Commissioning has traditionally been a function of public bodies like central government departments, local authorities and NHS bodies. However increasing amounts of public services are actually commissioned by the private and voluntary sector; with the Work Programme being the best example of this with private prime contractors responsible for commissioning a range of providers in their supply chain.  Commissioning by the private and voluntary sector offers up opportunities for innovation but there are also equally concerns about how services are commissioned by these bodies.

Commissioning is still largely a ‘closed shop’, operating in a bubble of the ‘professional knows best’ culture with activity taking place behind closed doors. Bureaucratic hurdles such as requirement of bidders to provide three years of accounts or TUPE obligations and perceived legal barriers such as EU competition law stifle the appetite for innovation and collaboration. This results in only limited engagement with relevant stakeholders either at the beginning of the commissioning process or after it has been completed.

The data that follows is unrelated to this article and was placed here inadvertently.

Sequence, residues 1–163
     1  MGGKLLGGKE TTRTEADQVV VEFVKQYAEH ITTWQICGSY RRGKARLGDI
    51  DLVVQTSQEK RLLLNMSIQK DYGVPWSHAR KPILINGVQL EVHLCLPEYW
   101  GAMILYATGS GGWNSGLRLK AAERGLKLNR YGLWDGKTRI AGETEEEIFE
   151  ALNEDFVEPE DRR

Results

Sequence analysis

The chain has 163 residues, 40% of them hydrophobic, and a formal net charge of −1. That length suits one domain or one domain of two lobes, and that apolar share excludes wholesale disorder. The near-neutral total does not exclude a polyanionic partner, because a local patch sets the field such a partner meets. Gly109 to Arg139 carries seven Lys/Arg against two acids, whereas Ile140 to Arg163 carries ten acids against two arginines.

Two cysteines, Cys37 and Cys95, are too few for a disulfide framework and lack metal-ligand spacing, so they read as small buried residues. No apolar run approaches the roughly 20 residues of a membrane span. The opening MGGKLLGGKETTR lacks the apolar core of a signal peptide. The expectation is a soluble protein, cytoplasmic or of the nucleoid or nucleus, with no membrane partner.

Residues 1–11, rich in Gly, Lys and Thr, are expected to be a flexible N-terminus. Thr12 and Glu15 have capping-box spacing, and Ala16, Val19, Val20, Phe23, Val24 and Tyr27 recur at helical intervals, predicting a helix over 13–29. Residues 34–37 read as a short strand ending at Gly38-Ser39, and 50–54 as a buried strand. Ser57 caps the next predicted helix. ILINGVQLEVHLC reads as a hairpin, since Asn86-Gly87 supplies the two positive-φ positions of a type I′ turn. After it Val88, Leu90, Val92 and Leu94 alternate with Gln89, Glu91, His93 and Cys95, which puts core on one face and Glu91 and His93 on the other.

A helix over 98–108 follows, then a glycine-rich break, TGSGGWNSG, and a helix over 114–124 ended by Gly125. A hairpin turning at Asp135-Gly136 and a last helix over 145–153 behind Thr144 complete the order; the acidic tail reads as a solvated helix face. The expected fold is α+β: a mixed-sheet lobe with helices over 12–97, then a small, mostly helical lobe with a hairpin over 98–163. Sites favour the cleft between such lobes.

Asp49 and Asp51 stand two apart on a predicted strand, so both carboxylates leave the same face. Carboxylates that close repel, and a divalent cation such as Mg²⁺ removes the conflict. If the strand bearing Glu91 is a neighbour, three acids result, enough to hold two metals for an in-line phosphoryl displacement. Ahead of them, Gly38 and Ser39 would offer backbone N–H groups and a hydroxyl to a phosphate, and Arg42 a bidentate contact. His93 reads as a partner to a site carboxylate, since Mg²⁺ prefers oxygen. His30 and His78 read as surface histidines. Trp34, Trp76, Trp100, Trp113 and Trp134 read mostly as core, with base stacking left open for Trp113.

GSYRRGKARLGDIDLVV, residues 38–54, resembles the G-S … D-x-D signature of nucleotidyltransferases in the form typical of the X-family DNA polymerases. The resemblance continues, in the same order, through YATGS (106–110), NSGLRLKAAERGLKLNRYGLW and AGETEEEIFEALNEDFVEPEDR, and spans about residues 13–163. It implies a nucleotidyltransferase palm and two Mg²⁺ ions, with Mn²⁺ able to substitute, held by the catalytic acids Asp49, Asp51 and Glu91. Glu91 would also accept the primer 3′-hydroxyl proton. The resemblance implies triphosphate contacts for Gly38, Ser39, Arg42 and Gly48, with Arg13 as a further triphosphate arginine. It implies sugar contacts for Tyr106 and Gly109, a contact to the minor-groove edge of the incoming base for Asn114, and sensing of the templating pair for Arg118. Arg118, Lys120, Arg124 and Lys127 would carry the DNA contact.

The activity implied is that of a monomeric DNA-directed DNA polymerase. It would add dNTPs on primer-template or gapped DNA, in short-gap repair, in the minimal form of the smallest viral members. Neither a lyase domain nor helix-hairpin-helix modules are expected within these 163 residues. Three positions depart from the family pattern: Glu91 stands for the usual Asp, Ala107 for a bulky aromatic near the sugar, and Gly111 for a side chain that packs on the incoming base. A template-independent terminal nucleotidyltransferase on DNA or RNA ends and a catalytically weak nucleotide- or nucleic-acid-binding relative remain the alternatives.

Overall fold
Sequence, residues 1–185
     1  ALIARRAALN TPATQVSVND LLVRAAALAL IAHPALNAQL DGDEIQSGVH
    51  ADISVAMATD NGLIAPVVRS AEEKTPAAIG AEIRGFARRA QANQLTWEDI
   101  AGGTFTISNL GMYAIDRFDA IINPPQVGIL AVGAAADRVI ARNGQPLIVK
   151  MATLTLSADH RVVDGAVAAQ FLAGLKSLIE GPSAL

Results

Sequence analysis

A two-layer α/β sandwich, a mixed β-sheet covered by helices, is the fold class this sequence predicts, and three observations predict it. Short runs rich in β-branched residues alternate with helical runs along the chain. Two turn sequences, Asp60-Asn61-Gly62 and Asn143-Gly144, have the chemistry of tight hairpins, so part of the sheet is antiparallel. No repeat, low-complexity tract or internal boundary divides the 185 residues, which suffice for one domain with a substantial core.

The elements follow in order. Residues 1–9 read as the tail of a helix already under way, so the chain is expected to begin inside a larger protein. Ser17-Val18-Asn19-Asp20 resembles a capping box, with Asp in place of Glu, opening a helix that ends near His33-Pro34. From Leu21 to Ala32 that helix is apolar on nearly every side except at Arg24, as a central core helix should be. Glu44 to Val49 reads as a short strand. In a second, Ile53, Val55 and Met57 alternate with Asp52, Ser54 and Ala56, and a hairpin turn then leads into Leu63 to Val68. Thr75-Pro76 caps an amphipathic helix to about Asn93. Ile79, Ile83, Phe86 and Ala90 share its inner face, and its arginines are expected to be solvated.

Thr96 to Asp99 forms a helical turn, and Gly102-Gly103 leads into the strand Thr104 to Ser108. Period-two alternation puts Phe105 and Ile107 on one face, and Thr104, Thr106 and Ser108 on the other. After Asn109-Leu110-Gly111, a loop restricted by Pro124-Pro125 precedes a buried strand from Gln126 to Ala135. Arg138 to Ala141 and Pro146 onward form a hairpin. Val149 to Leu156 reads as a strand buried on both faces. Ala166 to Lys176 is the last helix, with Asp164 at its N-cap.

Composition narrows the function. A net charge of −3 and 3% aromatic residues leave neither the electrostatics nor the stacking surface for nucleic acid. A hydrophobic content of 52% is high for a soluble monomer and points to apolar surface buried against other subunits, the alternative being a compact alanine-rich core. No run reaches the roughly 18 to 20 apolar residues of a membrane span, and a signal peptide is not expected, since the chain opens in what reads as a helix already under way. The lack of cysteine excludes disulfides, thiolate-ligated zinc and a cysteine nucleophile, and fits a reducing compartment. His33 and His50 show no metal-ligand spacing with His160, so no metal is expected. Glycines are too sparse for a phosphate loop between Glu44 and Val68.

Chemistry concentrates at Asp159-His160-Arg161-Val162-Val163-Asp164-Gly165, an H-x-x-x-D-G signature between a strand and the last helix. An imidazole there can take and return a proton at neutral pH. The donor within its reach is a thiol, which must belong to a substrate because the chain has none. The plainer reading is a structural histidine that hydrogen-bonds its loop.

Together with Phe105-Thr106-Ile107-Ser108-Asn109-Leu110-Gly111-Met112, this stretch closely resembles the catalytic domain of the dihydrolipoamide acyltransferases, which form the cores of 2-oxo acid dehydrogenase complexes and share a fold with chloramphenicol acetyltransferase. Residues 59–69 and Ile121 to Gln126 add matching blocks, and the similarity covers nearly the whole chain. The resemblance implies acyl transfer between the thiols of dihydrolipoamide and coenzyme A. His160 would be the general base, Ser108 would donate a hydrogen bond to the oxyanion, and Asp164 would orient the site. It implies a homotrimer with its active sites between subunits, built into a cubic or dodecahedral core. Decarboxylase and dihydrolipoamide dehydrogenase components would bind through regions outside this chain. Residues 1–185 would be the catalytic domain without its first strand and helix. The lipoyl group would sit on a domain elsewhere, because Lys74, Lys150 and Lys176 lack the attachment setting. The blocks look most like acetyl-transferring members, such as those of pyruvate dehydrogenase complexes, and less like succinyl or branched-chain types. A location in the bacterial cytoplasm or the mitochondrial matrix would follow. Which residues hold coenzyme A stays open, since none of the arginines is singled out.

This ‘closed shop’ approach to commissioning hampers innovation as the insights and ideas of providers and citizens are neglected or ignored.  Collaboration between providers is constrained because this approach results in competition rather than partnership, with providers reluctant to share any of their ‘added value’ for fear of it reducing their advantage when it comes to the scoring of their tender.  Finally, it reinforces inertia as commissioners are reluctant to de-commission or radically change what is commissioned.